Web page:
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Mummification Started More Than A Millennium Earlier Than We Thought

1793 Mummification Started More Than A Millennium Earlier Than We Thought
The “toffee-like” resin in a light microscope, Tomb No. 3538, Badarian Period, Mostagedda / J. Jones et al., PLoS ONE 2014

Early Egyptians left no written record, but they had already figured out the science behind making artificial mummies. An 11-year study on the presence of embalming agents in ancient funerary wrappings push the origins of Egyptian mummification back by more than a millennium. The work was published in PLoS ONE this week. 

Mummifying a body relies on three key steps: eviscerate, dry out the soft tissue, and apply anti-bacterial balms. Researchers studying prehistoric mummification as far back as the Late Neolithic and Predynastic periods (as long ago as 4500 BC) thought that the bodies naturally desiccated in the hot, dry desert sand; dehydrating the soft tissue prevents decay by bacteria. Resin mixed with oil and fat is an effective anti-bacterial balm, but evidence for resin-impregnated linen wasn’t apparent until the Middle Kingdom, between 2000 to 1600 BC. There had been, however, some isolated reports of resin use in funerary wrappings during the late Old Kingdom (2200 BC). 


Over a decade ago, Jana Jones of Macquarie University examined museum samples of funerary textiles excavated from Neolithic cemeteries in the 1920s and 1930s and suspected that resins were likely used. But since that inference challenged long-held beliefs about the mummies’ beginnings, a thorough biochemical analysis was needed. 

So Jones and an international team led by Stephen Buckley from the University of York examined linen wrappings from bodies in pit graves in the earliest recorded ancient Egyptian cemeteries -- carbon dated to around 4500 to 3350 BC -- at Mostagedda in the Badari region in Upper Egypt. Pictured to the right are two layers of textile from the Early Predynastic, Mostagedda, with the inner layer impregnated with embalming substances.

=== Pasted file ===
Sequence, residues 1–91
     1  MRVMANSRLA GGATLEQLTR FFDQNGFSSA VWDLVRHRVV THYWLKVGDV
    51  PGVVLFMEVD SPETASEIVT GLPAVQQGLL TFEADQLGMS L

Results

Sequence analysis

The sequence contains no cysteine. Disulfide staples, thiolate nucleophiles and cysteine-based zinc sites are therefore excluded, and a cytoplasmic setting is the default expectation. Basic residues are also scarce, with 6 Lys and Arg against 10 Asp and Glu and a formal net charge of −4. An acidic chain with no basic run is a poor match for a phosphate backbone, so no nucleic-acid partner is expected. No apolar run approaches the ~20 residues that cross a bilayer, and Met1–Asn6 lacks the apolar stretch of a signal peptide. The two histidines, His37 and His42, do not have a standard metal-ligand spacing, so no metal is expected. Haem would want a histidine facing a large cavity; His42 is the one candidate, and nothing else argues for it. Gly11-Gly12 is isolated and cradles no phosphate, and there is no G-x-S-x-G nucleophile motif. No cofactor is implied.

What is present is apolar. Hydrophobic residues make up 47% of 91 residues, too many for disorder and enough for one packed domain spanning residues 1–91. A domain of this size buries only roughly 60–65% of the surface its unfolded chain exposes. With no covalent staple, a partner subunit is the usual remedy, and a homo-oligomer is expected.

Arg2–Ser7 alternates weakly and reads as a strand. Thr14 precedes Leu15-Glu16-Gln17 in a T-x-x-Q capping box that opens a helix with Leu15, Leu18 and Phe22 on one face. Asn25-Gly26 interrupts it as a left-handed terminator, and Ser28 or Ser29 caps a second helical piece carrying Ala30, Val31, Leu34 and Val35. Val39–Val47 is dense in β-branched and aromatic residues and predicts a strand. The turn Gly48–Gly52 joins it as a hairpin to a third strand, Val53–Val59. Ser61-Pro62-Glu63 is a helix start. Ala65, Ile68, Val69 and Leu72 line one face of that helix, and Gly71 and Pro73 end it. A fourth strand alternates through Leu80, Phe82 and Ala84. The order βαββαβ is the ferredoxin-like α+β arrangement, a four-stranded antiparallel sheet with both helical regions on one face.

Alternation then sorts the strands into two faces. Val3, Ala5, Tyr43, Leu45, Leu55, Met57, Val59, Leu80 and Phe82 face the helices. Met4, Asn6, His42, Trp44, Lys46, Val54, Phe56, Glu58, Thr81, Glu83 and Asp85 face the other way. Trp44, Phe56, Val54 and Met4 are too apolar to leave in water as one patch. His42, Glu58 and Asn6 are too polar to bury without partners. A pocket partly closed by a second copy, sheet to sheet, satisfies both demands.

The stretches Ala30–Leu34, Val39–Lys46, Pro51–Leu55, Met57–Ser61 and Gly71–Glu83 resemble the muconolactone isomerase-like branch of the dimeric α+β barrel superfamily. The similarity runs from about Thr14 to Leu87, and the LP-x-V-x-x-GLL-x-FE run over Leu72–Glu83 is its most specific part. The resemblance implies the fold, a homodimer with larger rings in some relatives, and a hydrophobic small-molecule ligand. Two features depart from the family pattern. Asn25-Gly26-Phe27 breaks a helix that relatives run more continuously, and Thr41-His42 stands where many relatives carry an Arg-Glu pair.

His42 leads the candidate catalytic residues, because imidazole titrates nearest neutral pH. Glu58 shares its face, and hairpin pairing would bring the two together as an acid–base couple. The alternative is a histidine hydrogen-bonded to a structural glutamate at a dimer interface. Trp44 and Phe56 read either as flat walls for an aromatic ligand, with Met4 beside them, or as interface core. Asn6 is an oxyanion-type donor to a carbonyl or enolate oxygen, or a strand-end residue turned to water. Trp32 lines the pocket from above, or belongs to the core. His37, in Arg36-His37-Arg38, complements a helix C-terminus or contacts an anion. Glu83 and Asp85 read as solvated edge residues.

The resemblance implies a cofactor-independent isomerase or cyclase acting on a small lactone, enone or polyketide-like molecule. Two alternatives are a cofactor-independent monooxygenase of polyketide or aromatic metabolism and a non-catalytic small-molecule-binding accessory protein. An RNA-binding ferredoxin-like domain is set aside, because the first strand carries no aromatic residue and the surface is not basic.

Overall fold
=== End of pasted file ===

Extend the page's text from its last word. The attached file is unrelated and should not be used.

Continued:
Using a combination of mass spectrometry to measure the mass of compounds and thermal desorption and pyrolysis to separate out the substances, the team analyzed the shiny, brown, “toffee-like” residues on textiles they suspected were used for embalming. They identified pine resin, aromatic plant extract, plant gum, natural petroleum (likely oil seep), and a mix of plant oil and animal fat in the 6,000-year-old funerary wrappings.

These complex embalming agents predate the earliest scientific evidence by 1,500 years. The resinous recipe is made with the same natural products -- and in similar proportions -- as those used during the peak of Pharaonic mummification some 3,000 years later. The only differences lay in the introduction or substitution of an ingredient, according to availability or to changing religious beliefs, Jones writes in the Conversation. Pictured below, flax yarn from wrappings heavily impregnated with resin.


“The antibacterial properties of some of these ingredients and the localized soft-tissue preservation that they would have afforded lead us to conclude that these represent the very beginnings of experimentation that would evolve into the mummification practice of the Pharaonic period,” Buckley explains in a news release. The analysis also showed that the balm was deliberately cooked, not just stirred together.  

The pine resin from the early blend was traced back to southeastern Anatolia, in what’s now Turkey. That’s at least 1,000 kilometers away from the gravesites, Nature reports, suggesting how the region already had established and extensive trade networks.

Images: J. Jones et al., PLoS ONE 2014 (top), Ron Oldfield and Jana Jones via University of York (middle, bottom)


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